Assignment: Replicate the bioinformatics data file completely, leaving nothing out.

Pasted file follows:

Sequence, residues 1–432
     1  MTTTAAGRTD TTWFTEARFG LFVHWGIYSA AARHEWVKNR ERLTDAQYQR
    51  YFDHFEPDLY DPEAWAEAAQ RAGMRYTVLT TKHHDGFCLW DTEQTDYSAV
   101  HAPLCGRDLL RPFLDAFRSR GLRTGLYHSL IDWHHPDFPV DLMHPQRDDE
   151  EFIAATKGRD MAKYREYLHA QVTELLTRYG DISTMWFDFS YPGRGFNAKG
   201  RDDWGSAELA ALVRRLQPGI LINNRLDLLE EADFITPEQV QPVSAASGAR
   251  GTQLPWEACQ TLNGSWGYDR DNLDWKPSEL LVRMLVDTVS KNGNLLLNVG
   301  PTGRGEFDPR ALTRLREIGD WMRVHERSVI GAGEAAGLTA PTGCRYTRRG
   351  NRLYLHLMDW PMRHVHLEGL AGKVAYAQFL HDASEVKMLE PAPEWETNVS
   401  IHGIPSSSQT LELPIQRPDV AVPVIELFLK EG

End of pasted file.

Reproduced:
Sequence, residues 1–432
     1  MTTTAAGRTD TTWFTEARFG LFVHWGIYSA AARHEWVKNR ERLTDAQYQR
    51  YFDHFEPDLY DPEAWAEAAQ RAGMRYTVLT TKHHDGFCLW DTEQTDYSAV
   101  HAPLCGRDLL RPFLDAFRSR GLRTGLYHSL IDWHHPDFPV DLMHPQRDDE
   151  EFIAATKGRD MAKYREYLHA QVTELLTRYG DISTMWFDFS YPGRGFNAKG
   201  RDDWGSAELA ALVRRLQPGI LINNRLDLLE EADFITPEQV QPVSAASGAR
   251  GTQLPWEACQ TLNGSWGYDR DNLDWKPSEL LVRMLVDTVS KNGNLLLNVG
   301  PTGRGEFDPR ALTRLREIGD WMRVHERSVI GAGEAAGLTA PTGCRYTRRG
   351  NRLYLHLMDW PMRHVHLEGL AGKVAYAQFL HDASEVKMLE PAPEWETNVS
   401  IHGIPSSSQT LELPIQRPDV AVPVIELFLK EG